Like HowStuffWorks on Facebook!

10 Spectacular Places to Camp in the Summer


6
Umatilla National Forest, Ore.

If you were a kid during the 1990s, you may be familiar with the Oregon Trail computer game, an educational program that let millions of players forge their way through the historic trail. Complete with opportunities to hunt, purchase supplies and name characters after your friends, Oregon Trail helped millions of kids learn what it felt like to be on a wagon train heading west.

If you haven't been able to leave those river-fording days behind, Umatilla National Forest, a protected region spanning 1.4 million acres (566,560 hectares) in northeast Oregon and southeast Washington, might be the most nostalgic camping trip you've ever taken. In the mid-1800s, hundreds of settlers traveled through Umatilla National Forest on their way out west; in the earlier parts of the century, Lewis and Clark even spent some time exploring the region [source: Powell]. Today, the forest is protected under the multiple-use principle, which dictates that it be dedicated to "the greatest good for the greatest number for the longest time" [source: Pister].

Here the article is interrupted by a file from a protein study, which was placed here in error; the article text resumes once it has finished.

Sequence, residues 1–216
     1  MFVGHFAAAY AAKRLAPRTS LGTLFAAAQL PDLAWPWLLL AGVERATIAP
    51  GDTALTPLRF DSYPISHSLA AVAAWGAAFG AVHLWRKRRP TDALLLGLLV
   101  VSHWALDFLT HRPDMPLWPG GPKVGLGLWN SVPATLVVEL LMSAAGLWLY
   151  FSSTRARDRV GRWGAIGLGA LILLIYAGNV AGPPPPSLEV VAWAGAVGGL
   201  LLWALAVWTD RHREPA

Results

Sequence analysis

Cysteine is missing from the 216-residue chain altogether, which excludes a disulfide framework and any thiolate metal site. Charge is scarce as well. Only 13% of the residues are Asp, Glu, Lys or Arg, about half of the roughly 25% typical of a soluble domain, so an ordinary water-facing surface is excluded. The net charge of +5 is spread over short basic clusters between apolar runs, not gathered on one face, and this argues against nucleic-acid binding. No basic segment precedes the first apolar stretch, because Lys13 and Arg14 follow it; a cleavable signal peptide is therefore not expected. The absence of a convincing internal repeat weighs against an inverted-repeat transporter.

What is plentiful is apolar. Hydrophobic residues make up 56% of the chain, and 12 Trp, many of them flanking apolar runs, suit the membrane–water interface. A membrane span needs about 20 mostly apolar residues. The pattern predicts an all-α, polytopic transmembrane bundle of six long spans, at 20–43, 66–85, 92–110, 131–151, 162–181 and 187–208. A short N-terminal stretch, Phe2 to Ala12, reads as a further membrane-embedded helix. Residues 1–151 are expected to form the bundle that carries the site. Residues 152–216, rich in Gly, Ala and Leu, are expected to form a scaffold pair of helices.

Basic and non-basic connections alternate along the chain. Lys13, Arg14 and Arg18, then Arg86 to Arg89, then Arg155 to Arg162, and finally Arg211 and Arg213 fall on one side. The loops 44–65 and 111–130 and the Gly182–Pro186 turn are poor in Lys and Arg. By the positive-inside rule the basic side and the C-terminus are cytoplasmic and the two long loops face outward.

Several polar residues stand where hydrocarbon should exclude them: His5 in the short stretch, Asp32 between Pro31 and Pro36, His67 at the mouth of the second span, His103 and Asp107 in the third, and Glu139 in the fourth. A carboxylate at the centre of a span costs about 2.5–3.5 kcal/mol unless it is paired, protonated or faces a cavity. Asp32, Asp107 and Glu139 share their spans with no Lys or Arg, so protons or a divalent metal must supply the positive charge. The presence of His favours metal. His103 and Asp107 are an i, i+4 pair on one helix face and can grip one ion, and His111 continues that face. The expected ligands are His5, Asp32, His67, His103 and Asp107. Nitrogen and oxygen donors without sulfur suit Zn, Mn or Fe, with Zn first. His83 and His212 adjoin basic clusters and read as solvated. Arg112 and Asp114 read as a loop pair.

When you visit Umatilla National Forest, it's not hard to imagine what some of those uses might be: It boasts more than 715 miles (1,151 kilometers) of biking and hiking trails; rivers offering swimming, kayaking and rafting; and a lake spanning 145 acres (59 hectares) give visitors quite a variety of summer activities to choose from. Those seeking quieter pursuits can enjoy picking berries or observing osprey, elk and Rocky Mountain bighorn sheep -- sure to offer some good photo ops.

With 1.4 million acres (566,560 hectares) to work with, there's a campsite in Umatilla National Forest to meet every level of camping experience. However, it's worth noting that most of these campgrounds have been developed to interfere as little as possible with the surrounding environment, which means you may have a harder time finding sites with amenities like hot water and flush toilets than you would elsewhere [source: USDA Forest Service].


More to Explore